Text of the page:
Shelby County Commissioners take up a proposed assisted living facility at their meeting Monday, Nov. 5, that doesn’t yet require approval from the city of Bartlett but which is in an area Bartlett is seeking to annex.
The commission meets at 1:30 p.m. at the Vasco Smith County Administration Building, 160 N. Main St.
The facility to be built on the southwest corner of Baylor and Brunswick Roads has drawn opposition from nearby Bartlett residents and different conditions from Bartlett officials than those required by Memphis and Shelby County government planning bodies.
The planned development proposal drew a rejection recommendation from the Land Use Control Board and has been delayed several times.
During committee sessions last week, the project founds its way onto the active political fault line between suburban and urban interests.
Attorney Ricky E. Wilkins, representing the owner, Mary Louise Knight, brought a group of supporters of the development to the committee session chaired by Commissioner Terry Roland.
Wilkins asked the supporters to stand.
“Do y’all live there or do you work in that area?” Roland asked. “If you work there, sit down. We want to know if you live around that area.”
Roland and several other commissioners wanted to know how much Knight has spent pursuing the zoning application she first submitted in May. Wilkins said he would have the documents at Monday’s meeting. Roland pressed Wilkins for the information.
“Perhaps you didn’t hear me,” Wilkins said. “I don’t have them with me now. … If there are issues that come up Monday and we need to provide documentation we will do it.”
Roland said he was “kind of insulted by the way you are saying, ‘I think we can.’ Either you do or you don’t.”
Wilkins’ position is that the project has been delayed to meet standards that don’t apply until or unless Bartlett annexes the area in its annexation reserve area.
“Today the city of Memphis and Shelby County are the governing bodies for this application,” Wilkins said. “Not the city of Bartlett. Let’s be clear about that.”
The area is in Roland’s district. “Therefore, I am going to get to the bottom of everything and find out everything about everything,” Roland added. “I just want to find out what all of the connections are.”
Commissioner Sidney Chism said the “browbeating” about finances was inappropriate and unfair.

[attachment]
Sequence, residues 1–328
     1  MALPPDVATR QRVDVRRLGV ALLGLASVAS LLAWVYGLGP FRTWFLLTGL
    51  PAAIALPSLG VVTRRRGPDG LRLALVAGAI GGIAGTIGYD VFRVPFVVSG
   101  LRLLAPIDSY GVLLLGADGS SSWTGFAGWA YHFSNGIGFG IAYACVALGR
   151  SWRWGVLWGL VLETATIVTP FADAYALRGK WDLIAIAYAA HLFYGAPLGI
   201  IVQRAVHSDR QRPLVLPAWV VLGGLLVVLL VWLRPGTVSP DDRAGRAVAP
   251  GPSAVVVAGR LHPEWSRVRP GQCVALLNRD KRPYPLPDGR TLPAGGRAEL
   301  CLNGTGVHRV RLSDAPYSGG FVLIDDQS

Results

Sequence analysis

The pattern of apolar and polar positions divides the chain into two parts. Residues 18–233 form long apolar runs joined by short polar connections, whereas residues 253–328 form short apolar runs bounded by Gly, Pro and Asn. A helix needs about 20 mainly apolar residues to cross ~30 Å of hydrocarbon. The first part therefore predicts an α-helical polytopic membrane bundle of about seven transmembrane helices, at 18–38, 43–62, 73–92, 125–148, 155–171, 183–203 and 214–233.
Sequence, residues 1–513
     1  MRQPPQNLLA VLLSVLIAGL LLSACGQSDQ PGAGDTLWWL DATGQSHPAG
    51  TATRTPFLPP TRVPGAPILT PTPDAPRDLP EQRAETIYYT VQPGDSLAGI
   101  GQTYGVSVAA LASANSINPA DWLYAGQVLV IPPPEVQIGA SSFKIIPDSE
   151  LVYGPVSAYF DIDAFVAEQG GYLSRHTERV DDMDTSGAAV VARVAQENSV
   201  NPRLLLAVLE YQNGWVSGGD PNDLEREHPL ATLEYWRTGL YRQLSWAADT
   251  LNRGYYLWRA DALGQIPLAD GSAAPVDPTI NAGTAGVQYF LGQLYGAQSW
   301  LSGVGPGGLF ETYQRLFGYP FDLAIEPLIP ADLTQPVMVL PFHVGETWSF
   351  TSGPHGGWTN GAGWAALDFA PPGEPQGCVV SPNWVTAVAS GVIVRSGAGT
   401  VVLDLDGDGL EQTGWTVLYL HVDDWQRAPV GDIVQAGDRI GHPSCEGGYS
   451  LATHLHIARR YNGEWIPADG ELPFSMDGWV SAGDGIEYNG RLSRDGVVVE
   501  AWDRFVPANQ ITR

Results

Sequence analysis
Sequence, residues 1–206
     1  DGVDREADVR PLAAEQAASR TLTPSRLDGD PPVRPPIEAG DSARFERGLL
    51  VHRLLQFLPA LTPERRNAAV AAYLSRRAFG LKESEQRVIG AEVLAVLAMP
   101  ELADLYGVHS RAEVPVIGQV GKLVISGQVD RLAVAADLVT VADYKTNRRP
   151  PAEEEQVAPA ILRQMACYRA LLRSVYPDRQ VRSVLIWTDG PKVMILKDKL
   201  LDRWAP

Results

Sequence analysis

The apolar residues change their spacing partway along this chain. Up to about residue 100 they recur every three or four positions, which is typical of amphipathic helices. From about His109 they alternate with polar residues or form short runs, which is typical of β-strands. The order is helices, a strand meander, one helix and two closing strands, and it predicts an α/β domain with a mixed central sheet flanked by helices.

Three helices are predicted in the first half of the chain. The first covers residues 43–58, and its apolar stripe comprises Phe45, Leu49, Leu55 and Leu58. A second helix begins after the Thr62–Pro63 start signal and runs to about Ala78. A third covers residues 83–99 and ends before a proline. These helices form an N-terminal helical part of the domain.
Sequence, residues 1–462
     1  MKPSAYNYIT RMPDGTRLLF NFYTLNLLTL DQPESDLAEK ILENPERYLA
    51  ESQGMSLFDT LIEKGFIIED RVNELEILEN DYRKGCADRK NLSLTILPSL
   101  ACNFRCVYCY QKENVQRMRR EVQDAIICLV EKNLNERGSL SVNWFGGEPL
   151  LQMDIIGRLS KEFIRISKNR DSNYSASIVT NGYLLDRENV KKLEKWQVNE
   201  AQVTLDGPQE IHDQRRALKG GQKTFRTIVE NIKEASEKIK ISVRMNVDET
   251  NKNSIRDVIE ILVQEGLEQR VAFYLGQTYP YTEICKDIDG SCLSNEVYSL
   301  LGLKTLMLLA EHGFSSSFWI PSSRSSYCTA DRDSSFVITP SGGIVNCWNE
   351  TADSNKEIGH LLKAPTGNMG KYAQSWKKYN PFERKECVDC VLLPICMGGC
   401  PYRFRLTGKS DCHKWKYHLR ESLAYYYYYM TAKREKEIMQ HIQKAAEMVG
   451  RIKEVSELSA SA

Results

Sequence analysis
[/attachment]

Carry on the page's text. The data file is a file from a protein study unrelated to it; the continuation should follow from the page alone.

Other commissioners, including some who had concerns about the project, apologized to the applicant.
“It deteriorated to the point that it is making a mockery of the process,” said commissioner Wyatt Bunker. “It’s an embarrassment what happened to you all today.”
The commission will also vote Monday on a contract to sell 33.6 acres of land in the Frank C. Pidgeon Industrial Park to Carolyn E. Hardy and the Hardy Investment Trust for $403,980.
Hardy is buying the land at a fair market price of $12,000 an acre from the Memphis and Shelby County Port Commission to store and stage modular freight containers.
Meanwhile, Shelby County Sheriff Bill Oldham is asking the commission for $2 million in funding for new sheriff’s deputies to serve as school resource officers in the consolidated Shelby County Schools system.
The request is not on the commission’s agenda Monday. The commission delayed for two weeks a vote Wednesday on Oldham’s request, which would be funded from the county’s fund balance.
But Oldham is certain to be back for a decision he told commissioners last week is needed now because the countywide school board doesn’t plan to select a merger superintendent until February.
“That’s five more months. I cannot wait,” Oldham said. “We have to move forward and be prepared.” That starts with a deputy recruit training class in January.
Oldham said he is still talking with city officials and Memphis Police Department brass about some kind of collaboration on schools security.
His concern is that the talks won’t go very far and he will have the sole responsibility for schools security in a single countywide system.
Chism shared his outlook about city cooperation.
“They want to get out of this business,” he said. “I don’t care what they tell you, they are going to drag their feet. … They know that we have the responsibility of taking care of this problem.”
County Commissioner Melvin Burgess argued that the board doesn’t have to select a superintendent for Oldham to move ahead with plans.
“I don’t think a superintendent has to be in place when you are talking about security and academic achievement,” said Burgess who is director of internal audit for Memphis City Schools. “Get to it and get your plan together. We can’t wait for them to hire a superintendent.”